Demystification Guru

Just because we don't understand something, doesn't mean it isn't understandable.

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Location: Ottawa, Ontario, Canada

Sunday, February 19, 2006

about maturity

What makes a person mature?

I remember as a kid I would have issues with my mother from time to time. She would be reacting to my bad behaviour and she would say, “I’ll treat you like an adult when you start acting like one.” To which I would pose the bogus challenge, “how am I supposed to act like an adult if you don’t treat me like one?”. Bogus because a person doesn’t need to be treated any particular way to act like an adult. A person can be all alone on a deserted island and still act like an adult - or a child.

So what makes an adult? Of course, it’s not any one thing and you can’t reduce a complex notion like this to a one-size-fits-all answer. But if you did reduce the concept, you would get “self control” at the top of the main things that make up an adult. Not all adults have this of course and that’s why I am using the word “mature”.

I think self control is a matter of considered choice. We are faced with a situation to which there are several answers. We consider the consequences of each behaviour and then we choose the one that we want. Small children who don’t know about the concept of self control don’t even consider the consequences. They know immediately what they want and that’s the one they go for. For example, take the situation where someone offers you a piece of cake. As a small child, assuming you like cake, you will immediately say “yes I want cake”. There are no consequences to a small child. However as you get older, you learn that there are consequences to behaviour. If you eat that cake now, you may have the satisfaction of the taste, you may satisfy a hunger pang, but you also know there are better food choices to make or, if you aren’t hungry, that these are empty calories.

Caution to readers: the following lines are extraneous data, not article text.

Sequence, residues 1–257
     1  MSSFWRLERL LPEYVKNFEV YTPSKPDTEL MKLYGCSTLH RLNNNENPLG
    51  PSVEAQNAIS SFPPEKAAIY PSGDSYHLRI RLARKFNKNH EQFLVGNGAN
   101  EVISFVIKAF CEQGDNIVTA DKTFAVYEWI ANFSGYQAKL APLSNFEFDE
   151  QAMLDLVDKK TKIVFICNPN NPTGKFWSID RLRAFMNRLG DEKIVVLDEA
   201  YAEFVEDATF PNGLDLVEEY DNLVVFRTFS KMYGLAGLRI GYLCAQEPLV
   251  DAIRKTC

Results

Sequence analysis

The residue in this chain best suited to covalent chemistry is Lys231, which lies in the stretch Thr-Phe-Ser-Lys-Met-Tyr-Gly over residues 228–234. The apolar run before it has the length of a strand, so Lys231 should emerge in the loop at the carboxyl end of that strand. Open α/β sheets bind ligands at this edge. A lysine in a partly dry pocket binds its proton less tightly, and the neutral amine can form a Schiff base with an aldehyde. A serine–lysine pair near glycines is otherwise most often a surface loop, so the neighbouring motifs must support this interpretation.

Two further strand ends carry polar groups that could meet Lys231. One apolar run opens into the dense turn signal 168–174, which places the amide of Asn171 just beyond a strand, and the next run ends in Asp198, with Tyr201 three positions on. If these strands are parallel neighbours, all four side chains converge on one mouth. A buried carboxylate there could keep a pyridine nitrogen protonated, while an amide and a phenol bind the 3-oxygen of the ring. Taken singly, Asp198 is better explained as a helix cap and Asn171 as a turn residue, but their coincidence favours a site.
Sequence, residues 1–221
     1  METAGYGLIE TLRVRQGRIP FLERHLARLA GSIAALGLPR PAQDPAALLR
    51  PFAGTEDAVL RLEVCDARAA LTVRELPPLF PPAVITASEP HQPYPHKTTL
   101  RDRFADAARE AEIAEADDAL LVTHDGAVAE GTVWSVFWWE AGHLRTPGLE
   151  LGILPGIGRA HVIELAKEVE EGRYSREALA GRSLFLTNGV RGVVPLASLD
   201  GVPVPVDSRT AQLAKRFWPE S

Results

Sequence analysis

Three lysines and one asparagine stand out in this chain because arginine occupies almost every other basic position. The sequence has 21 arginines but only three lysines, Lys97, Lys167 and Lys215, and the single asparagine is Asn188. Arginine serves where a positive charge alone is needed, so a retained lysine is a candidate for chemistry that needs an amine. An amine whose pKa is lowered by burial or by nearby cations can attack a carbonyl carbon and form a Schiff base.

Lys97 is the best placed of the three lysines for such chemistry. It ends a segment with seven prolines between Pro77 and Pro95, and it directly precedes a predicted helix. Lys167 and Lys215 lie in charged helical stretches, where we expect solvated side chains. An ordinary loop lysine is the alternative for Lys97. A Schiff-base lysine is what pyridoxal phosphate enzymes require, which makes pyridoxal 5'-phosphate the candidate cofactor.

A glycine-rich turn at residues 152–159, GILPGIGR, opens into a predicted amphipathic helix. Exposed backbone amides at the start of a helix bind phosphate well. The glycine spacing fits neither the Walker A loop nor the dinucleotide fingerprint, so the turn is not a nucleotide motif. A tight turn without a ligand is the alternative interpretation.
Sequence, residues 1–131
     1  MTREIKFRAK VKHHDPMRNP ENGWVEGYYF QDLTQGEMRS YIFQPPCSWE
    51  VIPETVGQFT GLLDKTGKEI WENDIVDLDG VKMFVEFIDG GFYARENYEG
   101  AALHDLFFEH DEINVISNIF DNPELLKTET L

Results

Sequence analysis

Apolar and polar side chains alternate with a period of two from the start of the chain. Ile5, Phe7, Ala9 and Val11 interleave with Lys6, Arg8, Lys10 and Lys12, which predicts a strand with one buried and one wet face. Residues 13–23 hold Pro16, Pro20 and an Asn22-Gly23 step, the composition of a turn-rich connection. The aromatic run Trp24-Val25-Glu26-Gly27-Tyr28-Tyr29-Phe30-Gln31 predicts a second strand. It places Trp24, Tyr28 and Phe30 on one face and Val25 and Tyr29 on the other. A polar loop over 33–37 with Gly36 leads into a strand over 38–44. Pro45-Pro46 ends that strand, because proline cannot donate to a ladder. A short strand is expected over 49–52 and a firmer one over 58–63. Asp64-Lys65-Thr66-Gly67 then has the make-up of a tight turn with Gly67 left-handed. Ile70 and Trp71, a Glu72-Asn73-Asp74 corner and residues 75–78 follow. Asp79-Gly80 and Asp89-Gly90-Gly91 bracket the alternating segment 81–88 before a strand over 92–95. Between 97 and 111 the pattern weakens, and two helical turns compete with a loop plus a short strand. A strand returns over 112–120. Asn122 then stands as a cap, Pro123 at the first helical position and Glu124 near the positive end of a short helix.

Even a dog understands that choices can be made and that there are consequences. As I watch my puppy learn and mature, I see him hesitate before deciding to chase that bit of paper across the street. Sometimes he chooses not to chase it and he is rewarded. Sometimes he decides that he will chase it and he is corrected. “Control” is not necessarily about prohibiting behaviour - it can mean channelling it or working with it, like you do with a dog’s natural instincts to chase of sniff.

As we get even more mature, we begin to differentiate between long term and short term consequences to our behaviour. Something may satisfy you in the short term with no apparent negative consequences but you can look to the long term and see that there could be negative consequences down the road. (This concept is especially applicable to the subject of weight-gain.)

Finally, we start to understand how our behaviour affects other people (which in turn ultimately affects us). If we get angry at someone for something they did, we have to choose what to do about it. Do we express our anger in the hope that what they did to us will not happen again? How has that worked in the past? Do we give a measured response, hoping that the lesson will be learned but without all the rancour?

All of this can be boiled down into how much you control your own self. And we can all control ourselves - sometimes we just choose not to. I think the extent to which you willingly control your behaviour is a sign of how mature you are.


Blogger bbrug said...

Wait--there are *consequences* to eating cake?!?

Oh dear.

- - -

But cake aside, I know what you mean. I realized at some point in or around my college years that I would always be responsible for the things I did. And that when I did the wrong thing, I would have to live with it for the rest of my life, wincing every time it came to mind. Fortunately, I didn't do anything too too horrible before I figured that out. But while it takes me two hours to come up with a list of ten positive things, I have no trouble at all thinking of negative ones, and the memories of things I've done that I shouldn't have are probably the clearest, sharpest memories I have.

Every now and then I encounter someone who hasn't yet grasped this, and it's alarming. Usually they're teenagers, and I tell myself they'll probably figure it out. But occasionally they're adults, people who should be more mature by now, and then it's very sad. And dangerous. Those are the kind of people I cross the street to avoid.

4:01 p.m., February 20, 2006  
Blogger JuliaR said...

Bbrug, you’re right. It IS dangerous when people don’t understand or care if there are consequences. Sometimes it amounts to mental illness but other times, it’s just a frozen-in-childhood sense of entitlement gone wrong. I have an interesting book called ‘Reinventing your life” and one of the chapters deals with the entitlement ‘lifetrap’ but the authors say, ‘if you have this particular life trap, you‘re probably not reading this book!’ Too true.

12:59 p.m., February 22, 2006  

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